Kim Kardashian, whatever you think of her rise to fame and fortune, is an impressive barometer of style, and has brought some of the most stand-out looks to red carpets over the last few years, notably her recent (quite literally) dripping in jewels Mugler dress at the Met Gala. She attended the Emmys this year to present an award with her half-sister Kendall, and while their speech drew a lot of attention, their fashion offerings were just as noteworthy. Kim departed from her often provocative and slinky style, sporting a luxurious black velvet Vivienne Westwood dress. With cinching corsetry and a bustle, the shape felt like a tribute to traditional Hollywood, but what elevated it to the fashion forward was the Alaïa-esque dramatic square neckline and chunky chain necklaces. Diverging from tradition again and subverting fashion precedents, Kendall Jenner wore a beautifully sculpted mermaid dress, that tumbled into a train in a living dynamism, echoing the floral print. This would have been beautiful but unremarkable had it not been topped with black latex encasing her upper torso and arms, like an 80s sci-fi heroine emerging from a ballgown. The piece, by British designer Richard Quinn, was a nod to the past and future of award show fashion, and the vaulting evolution of style driven by rising celebrities like the Kardashian-Jenners.



It seems that no best dressed list is complete without the iconic star of stage and screen who is Billy Porter. He killed the Met Gala as an Ancient Egyptian sun god on a sedan chair, and his myriad costume changes at London Fashion Week were lauded in the press and on social media. He’s also often challenged established standards of “masculine” dressing, wearing a tuxedo dress to the Oscars. At the Emmys, he chose a custom vibrant silver striped disco suit by Michael Kors, alongside his unofficial companion, a say-something hat by Stephen Jones whose elegance, flair and sheer fabulousness match Porter’s personality perfectly. In addition, it harked back to the fine millinery of the late, great queer fashion icon Prince.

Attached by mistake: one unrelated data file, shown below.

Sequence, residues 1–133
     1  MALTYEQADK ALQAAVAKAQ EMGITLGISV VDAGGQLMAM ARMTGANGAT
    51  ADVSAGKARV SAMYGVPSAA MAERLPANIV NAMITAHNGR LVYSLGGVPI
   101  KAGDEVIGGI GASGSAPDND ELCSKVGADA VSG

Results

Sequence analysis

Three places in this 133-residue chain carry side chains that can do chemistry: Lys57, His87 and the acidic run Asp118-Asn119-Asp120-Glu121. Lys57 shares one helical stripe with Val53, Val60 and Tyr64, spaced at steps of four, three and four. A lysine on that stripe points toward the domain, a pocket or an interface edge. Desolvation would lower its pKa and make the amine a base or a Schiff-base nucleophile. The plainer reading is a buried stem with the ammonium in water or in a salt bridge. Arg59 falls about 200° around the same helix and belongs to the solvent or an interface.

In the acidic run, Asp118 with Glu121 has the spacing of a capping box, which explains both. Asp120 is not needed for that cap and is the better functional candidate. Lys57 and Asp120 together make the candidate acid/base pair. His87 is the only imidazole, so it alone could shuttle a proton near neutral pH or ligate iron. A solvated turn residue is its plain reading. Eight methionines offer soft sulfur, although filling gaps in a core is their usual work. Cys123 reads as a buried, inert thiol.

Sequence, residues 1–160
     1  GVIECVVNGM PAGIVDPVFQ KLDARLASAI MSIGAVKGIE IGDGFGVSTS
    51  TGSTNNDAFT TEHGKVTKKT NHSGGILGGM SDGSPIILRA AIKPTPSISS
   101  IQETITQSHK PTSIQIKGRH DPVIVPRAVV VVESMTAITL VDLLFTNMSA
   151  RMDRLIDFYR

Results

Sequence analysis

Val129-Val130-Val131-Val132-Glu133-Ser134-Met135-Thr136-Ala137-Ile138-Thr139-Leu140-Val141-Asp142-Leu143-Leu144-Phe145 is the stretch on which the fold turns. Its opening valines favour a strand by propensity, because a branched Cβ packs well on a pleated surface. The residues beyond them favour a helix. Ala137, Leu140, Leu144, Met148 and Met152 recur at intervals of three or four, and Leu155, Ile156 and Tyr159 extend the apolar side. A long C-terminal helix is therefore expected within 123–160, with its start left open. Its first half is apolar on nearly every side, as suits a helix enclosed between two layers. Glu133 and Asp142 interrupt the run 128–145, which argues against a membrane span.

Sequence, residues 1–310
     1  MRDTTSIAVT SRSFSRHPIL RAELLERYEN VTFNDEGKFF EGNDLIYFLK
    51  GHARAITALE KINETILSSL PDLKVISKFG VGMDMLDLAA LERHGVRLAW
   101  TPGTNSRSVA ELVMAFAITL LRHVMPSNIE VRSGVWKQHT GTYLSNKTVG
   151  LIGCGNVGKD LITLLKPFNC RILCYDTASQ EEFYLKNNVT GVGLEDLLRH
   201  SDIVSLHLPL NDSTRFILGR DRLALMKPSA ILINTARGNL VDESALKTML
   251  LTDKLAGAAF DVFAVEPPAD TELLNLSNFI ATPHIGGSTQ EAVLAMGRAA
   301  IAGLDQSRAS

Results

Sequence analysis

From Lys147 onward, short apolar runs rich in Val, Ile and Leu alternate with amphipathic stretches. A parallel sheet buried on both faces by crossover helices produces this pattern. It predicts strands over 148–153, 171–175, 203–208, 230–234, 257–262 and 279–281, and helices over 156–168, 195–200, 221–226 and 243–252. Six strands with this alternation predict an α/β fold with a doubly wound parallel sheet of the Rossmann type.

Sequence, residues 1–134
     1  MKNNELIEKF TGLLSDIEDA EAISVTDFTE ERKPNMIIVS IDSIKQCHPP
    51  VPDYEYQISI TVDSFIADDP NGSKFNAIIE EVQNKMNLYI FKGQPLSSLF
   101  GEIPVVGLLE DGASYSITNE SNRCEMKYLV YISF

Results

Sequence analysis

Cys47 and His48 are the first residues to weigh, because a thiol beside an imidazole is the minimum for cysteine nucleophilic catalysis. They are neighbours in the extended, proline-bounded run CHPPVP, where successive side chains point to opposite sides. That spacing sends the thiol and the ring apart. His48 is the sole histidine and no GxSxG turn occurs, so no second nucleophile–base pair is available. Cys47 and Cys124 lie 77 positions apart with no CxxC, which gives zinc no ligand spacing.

Melanie Liburd


Mountain View

Vulture’s Best Dressed: The 76th Venice Film Festival 2019

AZZI & OSTA Couture dressed Melanie Liburd in a beautiful dress that combined the sharp tailoring of double-breasted Victorian-style corsetry, topped with a frilly white tulle bodice in an openly feminine bridal-like train. The opposition of restriction and fluidity was a stroke of genius, and combined well with the more androgynous elements of the look.

Mandy Moore

The singer-songwriter brought some pink parfait perfection with puffed baby pink sleeves on an off the shoulder dress by Brandon Maxwell, which fell to the floor in a savage drop of red from the high cinched waist. If this dress were a dessert, I would most certainly eat it. 


Think part Disney villain, part 19th Century undergarment. Thanks to Law Roach, traditional corsetry featured again, combining with yards of deep green satin and a high leg slit for a sexy ensemble straight off the runway.